Ski photographer's life behind and in front of the camera

Posted: Friday, December 17, 2004

OGDEN, Utah - Gary Nate pointed his Nikon at a secret stash of Snowbasin powder, the canvas painted only by two sets of perfect tracks. The clear blue sky formed the backdrop as skier Tom Leavitt, longish hair meticulously spiked, waited for his cue.

''OK, go,'' Nate said, and Leavitt pushed off. His turns - smooth, quick and uniform - paralleled the other tracks perfectly until he brushed by the photographer, missing him by inches as planned.

Instructions are brief, almost unnecessary, in this photographer/subject relationship, which began with Nate's first ski film, 1972's ''Skiers to Match the Mountains.'' That day, Nate was taking promotional photos for Snowbasin. But watch 14 of the legendary Warren Miller's best ski movies and you'll see footage of Leavitt filmed by Nate in some of the exotic locations Miller is famous for.

''Find something you'd do for free, then find somebody to pay you for it.''

Nate, a treasure trove of one-liners, many culled from Miller films, was dispensing advice like that to business managers in the early 1970s when he decided to ''stop giving it and start taking it.''

Leavitt, who learned to ski at Snowbasin when he was 4 years old, was a pro mogul skier at the time. Nate's cousin, Dean Perkins, was an Olympic skier who was good friends with Stein Eriksen, the Deer Valley icon. Nate, longtime Ogden resident, picked up a camera, pointed it their way and made his dream come true.

Soon after that film, Nate was hired by winter-sports filmmaker Miller, where he has worked (if you can call it that) for ''more than 20 years.''

''Any more makes me sound old,'' Nate says.

Leavitt - after recuperating for four years from a hang-gliding accident that left him in a coma and very nearly destroyed the right half of his body - joined Nate and quickly started performing stunts like leaping from a helicopter, a hot-air balloon and Snowbird's tram.

These days, Leavitt lives in Ogden, works for his family's mortuary, races boats, guides tours of the backcountry around Snowbasin and Powder Mountain, and skis 100 times a year. But he hasn't made it into a Warren Miller flick for five years.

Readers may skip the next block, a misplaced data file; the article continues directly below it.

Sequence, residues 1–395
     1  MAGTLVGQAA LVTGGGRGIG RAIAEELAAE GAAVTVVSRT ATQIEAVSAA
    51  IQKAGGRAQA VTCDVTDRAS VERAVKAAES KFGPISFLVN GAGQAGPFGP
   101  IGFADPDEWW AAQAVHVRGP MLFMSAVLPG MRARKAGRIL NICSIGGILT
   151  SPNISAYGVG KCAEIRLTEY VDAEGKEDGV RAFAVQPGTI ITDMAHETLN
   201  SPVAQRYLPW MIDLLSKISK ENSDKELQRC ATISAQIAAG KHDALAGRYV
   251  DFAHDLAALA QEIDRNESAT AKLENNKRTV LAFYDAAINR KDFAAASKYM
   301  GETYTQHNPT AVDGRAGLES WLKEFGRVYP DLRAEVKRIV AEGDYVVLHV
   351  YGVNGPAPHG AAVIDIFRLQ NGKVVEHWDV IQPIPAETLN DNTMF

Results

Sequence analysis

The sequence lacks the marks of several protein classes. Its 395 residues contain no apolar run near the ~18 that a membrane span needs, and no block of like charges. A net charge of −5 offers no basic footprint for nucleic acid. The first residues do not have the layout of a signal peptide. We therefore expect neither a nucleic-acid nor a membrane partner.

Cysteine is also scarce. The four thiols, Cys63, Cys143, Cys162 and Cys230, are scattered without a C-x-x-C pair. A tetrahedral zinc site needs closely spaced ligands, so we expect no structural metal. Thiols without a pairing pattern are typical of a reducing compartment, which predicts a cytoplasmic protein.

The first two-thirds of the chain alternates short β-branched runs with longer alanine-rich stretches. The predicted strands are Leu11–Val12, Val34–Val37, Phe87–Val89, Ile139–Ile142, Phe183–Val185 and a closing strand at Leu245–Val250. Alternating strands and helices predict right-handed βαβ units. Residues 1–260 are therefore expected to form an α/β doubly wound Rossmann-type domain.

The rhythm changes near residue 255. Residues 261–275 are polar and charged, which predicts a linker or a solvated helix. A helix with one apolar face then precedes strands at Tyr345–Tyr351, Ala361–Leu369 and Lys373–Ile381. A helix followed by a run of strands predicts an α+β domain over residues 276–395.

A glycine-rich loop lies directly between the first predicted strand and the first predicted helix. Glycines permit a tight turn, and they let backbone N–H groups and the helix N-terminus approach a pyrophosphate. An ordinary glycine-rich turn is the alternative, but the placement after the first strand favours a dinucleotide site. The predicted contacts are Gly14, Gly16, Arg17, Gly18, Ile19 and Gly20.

''They kind of retired me,'' Leavitt said. ''I thought it would last forever.''

''I'll never retire. There's just transitions,'' Nate said.

Nate still shoots for Miller occasionally and promotes the Logan showing of Miller's annual movie. But his filming for Miller has been cut back, partly because of a young guard of photographers and partly because the process has changed.

Ski resorts now pay for slots in the movie and, for liability reasons, many of the wildest stunts are purchased from independent filmmakers, Nate said, ''as opposed to years ago when we would just go out and get creative.''

Among the stunts Nate devised and Leavitt performed was a 30-foot drop from Snowbird's tram.

Leavitt can also be seen abandoning an in-flight helicopter in 1985's ''Steep and Deep,'' which Nate still lists as his favorite Warren Miller movie.

Leavitt reminisced about the time he had to pull Nate and his camera out of the way of a semi-truck - Nate was busy filming the truck - that was sliding toward them on an icy road. Nate remembered the time Leavitt disappeared into the deep snow after leaping from a hot-air balloon.

The long all-expense-paid trips are now just memories, and the duo has made, in Nate's word, a ''transition.''

Leavitt misses those days, though he insists it's ''not as exciting as it looks.'' The hiking, the preparation, the standing around - ''OK, go'' - and then repeat.

''But I got to get paid to go to some of these places and ski,'' he said.

For Leavitt, a fitting illustration of his transition away from ski films was the location of his last appearance: Snowbasin, his first resort and likely his last, on a run known to locals as FTG.

The 45-degree, S-shaped run begins at the tip of No Name Peak and falls relentlessly to the ski area's base. Now, he takes paying customers - he runs TNT Adventures with his wife, Teresa - to runs like that in and around the resort he calls the best in the world.

Leavitt grew up at Snowbasin, hearing about Vail, Aspen and Whistler and dreaming about skiing around the country. He got his chance when he started competing on the pro mogul circuit, but only found out how good he'd had it all along.

''I'd go to these other places and ski and say, 'It's not as good as Snowbasin,' '' Leavitt said. ''They had better lodges, but now they don't.''

Lodges, gondolas, more lift-accessible terrain. Snowbasin has certainly changed since he began. Over a bowl of hot chili, from a perch that includes views of Ogden Valley below and the Needles above, Leavitt is hardly pining for the good old days.

''I love it. It's great. I don't miss waiting for a greasy hamburger in a line that stretched out into the parking lot,'' he said. ''Not a bit.''

He rarely gets recognized now, and no one's paid his way to Switzerland in several years, but he's got a season pass to the world's best resort and plenty of hobbies - flying and boat racing among them - to keep his adrenaline pumping year-round. His 80-year-old father still frequents Snowbasin.

''I hope I'm still walking when I'm 80,'' Leavitt said.

He won't say how many years that'll be.

''Just say I'm 20,'' Leavitt said.

Nate, characteristically, pulled out a pair of one-liners to dodge the age question.

''My mom always said she'd lied about her age so much she couldn't remember how old she was.''

And, ''Warren Miller calls me the world's oldest teenager.''

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